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Perdue rescinding budget veto; will line-item veto tax cut
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ATLANTA — Georgia property owners won’t be getting that tax refund after all.
    Gov. Sonny Perdue on Tuesday rescinded his veto of the state’s midyear budget but used his line item power to reject a $142 million property tax refund championed by House Republicans.
    The governor’s highly unusual ‘‘un-veto’’ means that there will not be a promised special session, expected to cost $45,000 a day. It is likely to also mean the furlough of prosecutors and adult literacy teachers.
    At a news conference on Tuesday, Perdue said that sagging tax collections point to a slowing economy, making the one-time tax cut imprudent. He lambasted the Republican-led House for refusing to budge and said he became convinced in recent days that returning lawmakers to Atlanta would be unproductive.
    ‘‘I began to see the futility of a special session,’’ Perdue said. ‘‘There is obviously no spirit of compromise with the House leadership.’’
    Perdue said the House only wanted to talk about moving to override the governor’s veto of the $700 million spending plan.
    ‘‘Leaders in my opinion don’t act in such a way,’’ Perdue said.
    Perdue’s chief antagonist, House Speaker Glenn Richardson, continued to sound off on Tuesday.
    ‘‘Sometimes friends disagree, but the House will not compromise when it comes to defending the taxpayers of Georgia,’’ Richardson said in a statement.
    Perdue’s veto on the legislative session’s next-to-last day touched off a bitter feud with Richardson and exposed a deep rift in the state’s ruling Republican Party.
    The budget Perdue will now sign contains $81 million to bail out PeachCare, the state’s health insurance program for poor children, and $8.5 million for cash-strapped public defenders. Both programs had been running on empty.
    But Perdue acknowledged that the midyear budget is still flawed and will likely force the furlough of prosecutors and adult literacy teachers before the June 30 end of the fiscal year. He said it also failed to provide enough money to stockpile antivirals to protect the state against a possible deadly flu pandemic, cutting the $15.7 he had recommended by more than half.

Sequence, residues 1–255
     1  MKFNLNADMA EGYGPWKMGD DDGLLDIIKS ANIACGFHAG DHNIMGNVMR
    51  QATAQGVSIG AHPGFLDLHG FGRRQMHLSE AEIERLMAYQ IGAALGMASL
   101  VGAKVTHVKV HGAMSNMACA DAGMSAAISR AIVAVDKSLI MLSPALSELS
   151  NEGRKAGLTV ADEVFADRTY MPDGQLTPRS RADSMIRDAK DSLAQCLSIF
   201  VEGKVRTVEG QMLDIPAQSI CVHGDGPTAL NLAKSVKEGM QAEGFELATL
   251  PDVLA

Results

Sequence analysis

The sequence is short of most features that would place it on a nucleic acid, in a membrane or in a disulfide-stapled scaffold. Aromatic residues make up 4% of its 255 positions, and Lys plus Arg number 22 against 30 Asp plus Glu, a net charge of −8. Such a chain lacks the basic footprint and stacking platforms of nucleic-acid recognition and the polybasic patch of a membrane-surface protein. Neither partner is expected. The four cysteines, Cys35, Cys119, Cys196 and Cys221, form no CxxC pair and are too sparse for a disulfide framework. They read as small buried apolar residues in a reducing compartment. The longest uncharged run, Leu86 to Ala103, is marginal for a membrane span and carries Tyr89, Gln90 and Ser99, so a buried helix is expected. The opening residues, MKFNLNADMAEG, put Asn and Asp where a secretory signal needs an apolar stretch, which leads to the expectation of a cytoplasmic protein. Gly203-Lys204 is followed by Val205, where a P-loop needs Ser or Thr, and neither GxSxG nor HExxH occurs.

‘‘I don’t want that blood on my hands,’’ Perdue said.
    The governor rolled out new revenue numbers that he said bolster his case for vetoing the tax refund. They show that tax collections in Georgia were down 1.9 percent for April from the same month the year before. While revenues are still up for the year as a whole the governor called the downward trend troubling and suggested he might need to trim some spending in the fiscal year 2008 budget, which is awaiting his signature.
    ‘‘I’m disappointed,’’ Perdue said. ‘‘We failed our constituents.’’
    Lt. Gov. Casey Cagle said in a statement that Perdue ‘‘exercised strong character and courageous leadership’’ with the move.
    ‘‘By decisively concluding a hopelessly stalemated debate, Gov. Perdue has ensured that the urgent needs of students, kids on PeachCare, and communities devastated by natural disaster will not take second place to political posturing,’’ Cagle said.
    Perdue said he would strike the tax cut, then cross out his veto of the overall budget, sign it and transmit the spending package to the Legislature. He said he was unaware if such an unusual move had been performed before by a Georgia governor.
    The move will mean that the $142 million that would have been used for the tax refund will lapse into the state’s reserve fund.
    Public defenders are among the groups that have been watching the state budget stalemate anxiously. Sarah Haskin, of the state’s Public Defender Standards Council, said Tuesday that the $8.5 million in the mid-year budget Perdue will now sign means they will not have to furlough staff. But it is still $1 million less than they had asked for. The shortage could mean even deeper cuts in the coming fiscal year. Haskin said a shortfall in that budget means that 41 jobs will be cut.
    A spokesman for the Department of Technical and Adult Education said there was hope that creative financing could allow them to have avoid sending the state’s 246 adult literacy teachers home. Now, a month-long furlough seems almost certain.
    ‘‘The money isn’t there,’’ Mike Light said.
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